The study was conducted by researchers at Beth Israel Deaconess Medical Center, Crucell Holland BV (a Janssen Pharmaceutical Company), and several other research collaborators. The study was published in the online edition ofScience.
“Despite great progress in HIV treatments, HIV remains one of the greatest global health threats of our time with millions continuing to be infected each year,” said Paul Stoffels, chief scientific officer and worldwide chairman, Pharmaceuticals, ofJohnson & Johnson in a statement. “Our ultimate goal is to develop a vaccine that prevents HIV in the first place. By Janssencollaborating with multiple stakeholders on new tools, we hope one day to help eradicate HIV.”
The study tested the HIV vaccine on monkeys and found it to be successful in about 50 percent of the study group. The vaccine was made up of two parts, a cold-causing virus that contained three HIV proteins, which caused the monkey’s immune systems to generate antibodies, and a purified HIV boosters that increased the immune response. Before being injected with HIV, the monkeys received the vaccine.
Twelve monkeys received the prime vaccine and another 12 received the prime-boost vaccines. An additional eight primates were given so-called “sham inoculations.” The monkeys were then injected with six doses of monkey HIV.
Two of the 12 monkeys injected with the prime vaccine were HIV-free. Of the 12 that were given the prime-boost vaccines, six, or 50 percent, were free of HIV. The eight monkeys that received a placebo were all HIV positive.
“We do not know for sure whether a vaccine that protects in monkeys will in fact protect in humans, said Dan Barouch with theBeth Israel Deaconess Medical Center and the Ragon Institute at Harvard, the study’s lead researcher, in a Tech times article. However, he and other researcher are optimistic that it can.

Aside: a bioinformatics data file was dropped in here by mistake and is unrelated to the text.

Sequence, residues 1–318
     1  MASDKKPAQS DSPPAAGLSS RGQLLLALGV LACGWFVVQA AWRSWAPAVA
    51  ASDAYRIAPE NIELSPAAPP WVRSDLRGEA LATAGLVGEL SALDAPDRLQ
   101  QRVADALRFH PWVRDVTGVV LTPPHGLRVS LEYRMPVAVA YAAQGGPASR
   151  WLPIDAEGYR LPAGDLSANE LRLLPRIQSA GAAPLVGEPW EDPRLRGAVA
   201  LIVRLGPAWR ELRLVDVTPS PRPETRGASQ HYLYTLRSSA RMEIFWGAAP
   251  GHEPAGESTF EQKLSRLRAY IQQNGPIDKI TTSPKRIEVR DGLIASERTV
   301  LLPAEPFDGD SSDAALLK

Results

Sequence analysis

An international trial is now starting in 400 healthy volunteers in the U.S., East Africa, South Africa and Thailand. The same prime-boost approach is being tested in J&J’s Ebola vaccine, which is currently in early-stage human trials.
“I do think that their results are impressive,” said Mary Marovich, director of the vaccine research program at the National Institute of Allergy And Infectious Diseases (NIAID) to the Inquisitr. “Even protecting half of the people who are exposed to the virus would be a major accomplishment. It could ultimately end the epidemic when you use it in combination with other measures.”
A vaccine for HIV has been a long and difficult road. Of the numerous studies, only four have been successful enough to be studied in humans, and only one has shown any indication of working. That study was funded by the U.S. and involved more than 16,000 volunteers in Thailand. It looked at a combination of ALVAC, manufactured by Sanofi-Aventis SA, andAIDSVAX, made by VaxGen Inc. It reduced infections by 31.2 percent in recipients compared to those receiving a placebo.